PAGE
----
assistants, however, is now growing with every number, and the interest taken in what goes on around
506 Guitar Building is steadily increasing. Several members of the present staff will not be in school next
-/ear, and undergraduates must get enough practical experience this year at the different phases of pub-
lishing a magazine to take their places.
If everyone in school will express his recognition of the Showme as worthy of his co-operation, and
then give us some of said co-operation in the best manner that he can, the Showme will continue to live and
prosper. Student Council, we thank you, and hope that the student body will follow your lead.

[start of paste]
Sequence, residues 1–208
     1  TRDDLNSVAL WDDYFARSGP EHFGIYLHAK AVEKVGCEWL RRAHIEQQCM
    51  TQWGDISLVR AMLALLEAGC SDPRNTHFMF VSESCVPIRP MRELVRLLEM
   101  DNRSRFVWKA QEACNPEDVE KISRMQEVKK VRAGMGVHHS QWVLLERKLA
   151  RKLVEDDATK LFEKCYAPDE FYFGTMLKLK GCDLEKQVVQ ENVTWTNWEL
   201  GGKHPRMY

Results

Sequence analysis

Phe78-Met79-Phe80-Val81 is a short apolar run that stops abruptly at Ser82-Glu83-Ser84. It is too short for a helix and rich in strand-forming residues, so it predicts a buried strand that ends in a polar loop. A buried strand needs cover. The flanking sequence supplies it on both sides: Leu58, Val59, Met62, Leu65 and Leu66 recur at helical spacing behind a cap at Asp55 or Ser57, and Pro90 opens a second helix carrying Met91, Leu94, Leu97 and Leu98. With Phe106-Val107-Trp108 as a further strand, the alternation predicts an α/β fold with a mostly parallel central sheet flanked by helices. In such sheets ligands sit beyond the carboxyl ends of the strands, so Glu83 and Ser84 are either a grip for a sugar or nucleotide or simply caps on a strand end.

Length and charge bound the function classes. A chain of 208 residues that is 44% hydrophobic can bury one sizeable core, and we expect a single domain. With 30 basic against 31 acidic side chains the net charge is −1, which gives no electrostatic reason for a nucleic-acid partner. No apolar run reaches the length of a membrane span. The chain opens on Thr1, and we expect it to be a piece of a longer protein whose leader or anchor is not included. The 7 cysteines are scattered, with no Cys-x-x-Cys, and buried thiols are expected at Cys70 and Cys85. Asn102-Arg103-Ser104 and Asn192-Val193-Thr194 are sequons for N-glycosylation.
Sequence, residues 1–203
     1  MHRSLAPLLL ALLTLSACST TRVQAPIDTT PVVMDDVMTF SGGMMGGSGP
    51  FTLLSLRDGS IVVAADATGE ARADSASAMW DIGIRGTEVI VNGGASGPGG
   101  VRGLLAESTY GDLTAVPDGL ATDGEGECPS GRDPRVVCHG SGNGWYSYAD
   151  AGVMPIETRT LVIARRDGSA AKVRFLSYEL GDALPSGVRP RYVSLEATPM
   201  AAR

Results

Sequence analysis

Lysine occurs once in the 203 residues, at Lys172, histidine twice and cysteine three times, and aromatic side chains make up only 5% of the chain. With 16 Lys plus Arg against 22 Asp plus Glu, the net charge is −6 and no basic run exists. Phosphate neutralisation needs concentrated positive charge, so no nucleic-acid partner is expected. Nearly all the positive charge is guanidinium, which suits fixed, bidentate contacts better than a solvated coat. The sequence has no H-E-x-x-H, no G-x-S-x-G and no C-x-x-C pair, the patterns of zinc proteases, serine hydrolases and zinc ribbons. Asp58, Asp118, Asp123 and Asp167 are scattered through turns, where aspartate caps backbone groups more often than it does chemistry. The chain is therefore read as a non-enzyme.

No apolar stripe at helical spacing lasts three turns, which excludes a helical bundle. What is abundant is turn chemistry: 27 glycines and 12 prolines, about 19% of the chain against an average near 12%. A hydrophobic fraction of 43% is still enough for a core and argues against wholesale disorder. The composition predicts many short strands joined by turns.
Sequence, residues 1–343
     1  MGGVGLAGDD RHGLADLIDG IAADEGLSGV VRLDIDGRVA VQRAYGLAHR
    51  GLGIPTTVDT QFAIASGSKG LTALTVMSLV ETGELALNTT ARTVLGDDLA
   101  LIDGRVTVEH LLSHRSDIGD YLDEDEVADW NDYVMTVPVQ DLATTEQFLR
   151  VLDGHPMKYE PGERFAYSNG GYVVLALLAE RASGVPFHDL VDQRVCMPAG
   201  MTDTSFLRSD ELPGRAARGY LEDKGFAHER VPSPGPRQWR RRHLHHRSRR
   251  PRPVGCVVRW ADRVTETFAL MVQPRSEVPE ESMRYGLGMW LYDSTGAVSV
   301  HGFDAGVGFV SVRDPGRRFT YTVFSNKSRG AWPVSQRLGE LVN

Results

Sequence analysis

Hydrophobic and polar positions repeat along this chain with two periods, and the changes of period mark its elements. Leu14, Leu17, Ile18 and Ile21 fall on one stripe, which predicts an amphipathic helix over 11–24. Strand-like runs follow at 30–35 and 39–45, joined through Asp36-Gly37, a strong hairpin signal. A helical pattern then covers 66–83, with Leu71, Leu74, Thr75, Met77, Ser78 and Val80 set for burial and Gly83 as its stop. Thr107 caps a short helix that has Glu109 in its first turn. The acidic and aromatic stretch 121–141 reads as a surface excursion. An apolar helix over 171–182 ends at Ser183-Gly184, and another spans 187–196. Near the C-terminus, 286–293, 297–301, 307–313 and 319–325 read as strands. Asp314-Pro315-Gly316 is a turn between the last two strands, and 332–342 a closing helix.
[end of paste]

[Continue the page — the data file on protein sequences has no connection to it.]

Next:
SHOWME'S DOPE ON ELECTIONS
On December 6 will occur the annual class elections. It is the hope of all persons with the interests
of the University at heart that this year's polling will be of greater significance than formerly. In past
elections of this kind the goal has been a mere personal or organization triumph. A class presidency has
been rated as good advertising for the person achieving it, nothing more.
With the initial impetus of the Missouri Memorial Union Building campaign still making thihgs
hum and the work of R. L. Hill, alumni recorder, just reaching a point where ultimate results may be fore-
cast, it is possible that election to class office may open a field of useful endeavor to the successful candi-
By placing the proper man in charge of the senior class the class of '22 will boast in later years of